Questions and Answers about therapy, counseling, psychological assessments, insurance, and how to prepare for your appointment with Dr. Dohrenwend. If you can’t find what you’re looking for in our FAQs or don’t know what to ask, then contact us to find out how we can help.
Are there benefits for paying privately?
What is a Psychoeducational or Psychological Evaluation?
How can I explain the evaluation process to my child?
How can I prepare my child for the testing appointments?
Why should I choose Psychology 360?
Does Psychology 360 offer consultation services?
Can I get Insurance Reimbursement for services?
A: Yes, we feel that there are benefits. Insurance companies require a diagnosis and often place restrictions on evaluations and typically do not cover the comprehensive protocol that we feel necessary to appropriately assess each individual.
Confidentiality is also a concern. We believe that it is not always best for our client’s health information to become part of their permanent medical file. This is especially relevant for children, who may not benefit from carrying a diagnosis as they navigate college and the workforce in the future. We have found that we provide our best services without the limitations and restraints created by insurance providers.
Some clients are able to use Health Savings or Flexible Spending Accounts to pay for services using pre-tax dollars. When requested, we provide all of our clients with Superbills so that they can submit an invoice to their insurance provider, if they choose to do so.
A: These are terms used to describe comprehensive evaluations, which help identify a full range of capabilities and characteristics that impact cognition, learning, behavior, and emotions. The purpose of an evaluation is often to offer clarity about a diagnosis, to more fully understand cognitive, learning or emotional qualities and to provide direction for treatment planning. These evaluations also serve as a “baseline” measure from which to compare future performance and functioning. This can be helpful to determine if improvements have been made after initiating interventions and accommodations. Though some use the terms “psychoeducational evaluations” and “psychological evaluations” interchangeably, a few distinctions can be made.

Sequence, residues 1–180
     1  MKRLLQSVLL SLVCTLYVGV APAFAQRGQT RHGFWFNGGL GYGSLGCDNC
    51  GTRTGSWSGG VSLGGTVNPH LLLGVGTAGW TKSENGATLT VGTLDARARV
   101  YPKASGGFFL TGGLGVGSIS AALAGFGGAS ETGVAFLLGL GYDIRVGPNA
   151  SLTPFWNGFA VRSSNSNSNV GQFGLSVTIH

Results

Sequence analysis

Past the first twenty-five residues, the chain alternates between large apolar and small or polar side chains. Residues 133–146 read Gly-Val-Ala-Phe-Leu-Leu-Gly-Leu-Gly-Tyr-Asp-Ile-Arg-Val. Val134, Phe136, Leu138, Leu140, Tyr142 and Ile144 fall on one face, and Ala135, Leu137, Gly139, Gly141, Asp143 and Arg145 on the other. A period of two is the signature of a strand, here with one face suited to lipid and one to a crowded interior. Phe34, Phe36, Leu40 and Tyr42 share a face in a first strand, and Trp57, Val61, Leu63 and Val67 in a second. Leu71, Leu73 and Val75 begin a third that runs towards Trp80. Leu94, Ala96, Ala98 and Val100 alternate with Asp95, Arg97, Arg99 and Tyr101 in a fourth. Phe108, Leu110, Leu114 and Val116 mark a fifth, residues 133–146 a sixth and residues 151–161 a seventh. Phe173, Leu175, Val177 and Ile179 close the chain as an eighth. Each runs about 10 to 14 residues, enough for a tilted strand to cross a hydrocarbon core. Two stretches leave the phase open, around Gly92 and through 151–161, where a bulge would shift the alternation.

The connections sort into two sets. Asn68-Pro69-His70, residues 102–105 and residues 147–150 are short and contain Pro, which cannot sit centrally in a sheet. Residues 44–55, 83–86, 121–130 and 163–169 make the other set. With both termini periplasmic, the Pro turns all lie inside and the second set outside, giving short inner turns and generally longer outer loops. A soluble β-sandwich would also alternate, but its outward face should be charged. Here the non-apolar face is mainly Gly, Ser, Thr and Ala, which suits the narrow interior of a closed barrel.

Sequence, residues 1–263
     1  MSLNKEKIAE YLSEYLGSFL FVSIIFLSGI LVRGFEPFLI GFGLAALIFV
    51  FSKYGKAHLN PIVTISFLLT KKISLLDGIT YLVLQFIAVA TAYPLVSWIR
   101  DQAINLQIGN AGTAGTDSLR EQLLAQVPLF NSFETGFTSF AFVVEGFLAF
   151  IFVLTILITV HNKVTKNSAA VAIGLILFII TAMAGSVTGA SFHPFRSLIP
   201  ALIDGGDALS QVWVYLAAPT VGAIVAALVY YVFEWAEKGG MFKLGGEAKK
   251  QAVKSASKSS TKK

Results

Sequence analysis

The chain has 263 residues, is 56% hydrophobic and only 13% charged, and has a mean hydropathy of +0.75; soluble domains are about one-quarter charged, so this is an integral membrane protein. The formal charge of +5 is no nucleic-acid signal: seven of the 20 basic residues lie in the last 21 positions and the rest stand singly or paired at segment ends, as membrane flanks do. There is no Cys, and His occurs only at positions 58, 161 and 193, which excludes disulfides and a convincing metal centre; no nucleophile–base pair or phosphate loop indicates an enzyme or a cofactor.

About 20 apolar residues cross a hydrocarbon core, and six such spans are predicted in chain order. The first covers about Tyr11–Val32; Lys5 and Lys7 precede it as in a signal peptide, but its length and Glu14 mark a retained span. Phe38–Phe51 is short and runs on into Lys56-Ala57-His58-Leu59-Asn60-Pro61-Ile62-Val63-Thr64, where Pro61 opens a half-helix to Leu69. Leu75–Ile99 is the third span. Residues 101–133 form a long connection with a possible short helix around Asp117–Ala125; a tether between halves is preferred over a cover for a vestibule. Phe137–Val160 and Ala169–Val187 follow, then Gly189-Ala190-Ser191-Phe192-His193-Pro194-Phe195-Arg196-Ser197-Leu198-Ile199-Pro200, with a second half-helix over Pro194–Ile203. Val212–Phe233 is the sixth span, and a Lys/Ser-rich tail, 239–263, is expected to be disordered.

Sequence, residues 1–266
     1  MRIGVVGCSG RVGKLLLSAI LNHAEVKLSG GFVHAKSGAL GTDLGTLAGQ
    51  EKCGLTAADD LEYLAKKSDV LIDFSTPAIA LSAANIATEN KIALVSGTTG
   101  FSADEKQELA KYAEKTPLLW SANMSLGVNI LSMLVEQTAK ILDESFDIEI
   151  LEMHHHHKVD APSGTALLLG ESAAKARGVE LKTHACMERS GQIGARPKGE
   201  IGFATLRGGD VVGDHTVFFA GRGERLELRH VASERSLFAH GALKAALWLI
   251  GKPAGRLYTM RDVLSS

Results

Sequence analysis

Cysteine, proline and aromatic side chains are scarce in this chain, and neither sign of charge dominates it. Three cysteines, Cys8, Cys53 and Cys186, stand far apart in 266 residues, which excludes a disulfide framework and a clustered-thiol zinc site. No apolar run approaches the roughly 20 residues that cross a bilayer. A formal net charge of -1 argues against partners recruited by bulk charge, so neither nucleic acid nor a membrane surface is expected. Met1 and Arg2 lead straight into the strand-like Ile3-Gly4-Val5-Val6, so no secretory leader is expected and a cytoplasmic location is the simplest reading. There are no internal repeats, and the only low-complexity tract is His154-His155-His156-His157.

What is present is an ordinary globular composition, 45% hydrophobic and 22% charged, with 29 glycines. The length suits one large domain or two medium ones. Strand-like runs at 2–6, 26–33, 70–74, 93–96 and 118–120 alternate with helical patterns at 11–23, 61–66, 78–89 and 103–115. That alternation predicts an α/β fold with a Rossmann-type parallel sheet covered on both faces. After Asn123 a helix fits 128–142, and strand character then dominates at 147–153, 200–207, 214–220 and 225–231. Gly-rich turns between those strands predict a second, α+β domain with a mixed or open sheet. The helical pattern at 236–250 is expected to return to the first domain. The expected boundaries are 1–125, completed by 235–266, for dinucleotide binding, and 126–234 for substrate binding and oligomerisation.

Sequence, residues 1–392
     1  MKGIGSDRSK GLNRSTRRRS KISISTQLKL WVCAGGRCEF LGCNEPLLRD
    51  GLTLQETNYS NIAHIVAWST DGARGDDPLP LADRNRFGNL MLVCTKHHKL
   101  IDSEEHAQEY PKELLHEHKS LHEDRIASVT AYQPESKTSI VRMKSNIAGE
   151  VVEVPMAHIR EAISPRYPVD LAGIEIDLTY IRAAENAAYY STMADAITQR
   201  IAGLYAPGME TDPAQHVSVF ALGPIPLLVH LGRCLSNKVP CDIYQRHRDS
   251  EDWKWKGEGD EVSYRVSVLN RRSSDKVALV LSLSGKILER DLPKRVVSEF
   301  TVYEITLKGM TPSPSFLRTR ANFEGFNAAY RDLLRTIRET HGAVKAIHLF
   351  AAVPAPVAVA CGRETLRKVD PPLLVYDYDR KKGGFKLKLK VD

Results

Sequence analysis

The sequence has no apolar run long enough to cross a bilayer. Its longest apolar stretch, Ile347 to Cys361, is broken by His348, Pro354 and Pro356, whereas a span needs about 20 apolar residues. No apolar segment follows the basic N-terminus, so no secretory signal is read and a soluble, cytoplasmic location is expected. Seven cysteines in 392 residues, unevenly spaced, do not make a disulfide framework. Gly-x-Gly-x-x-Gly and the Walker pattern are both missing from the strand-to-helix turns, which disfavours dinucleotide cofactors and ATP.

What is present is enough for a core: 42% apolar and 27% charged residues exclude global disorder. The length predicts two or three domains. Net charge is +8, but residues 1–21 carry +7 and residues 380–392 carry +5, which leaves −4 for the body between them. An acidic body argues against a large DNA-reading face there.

Psychoeducational Evaluations are typically used to assess cognition, learning, memory, attention, executive functioning, and social and interpersonal functioning, They assist with identifying learning strengths and weaknesses, help us to better understand behavioral tendencies and offer clarity about a learning disorder or diagnosis. They also assist with determining appropriate accommodations and guiding treatment and intervention decisions.
Psychological Evaluations focus on personality and behavioral characteristics. These types of evaluations may be used to clarify an emotional health diagnosis or identify the presence of certain personality tendencies. For example, a psychological evaluation may help identify symptoms of depression, anxiety or OCD, or distinguish between diagnoses such as depression and bipolar disorder. These types of psychological evaluations can also be helpful when creating a treatment plan for individual therapy or for medication management.
A: The process of undergoing any type of testing or evaluation can be overwhelming, or even scary, for some children. Parents frequently ask what they can do to help prepare their child for an evaluation.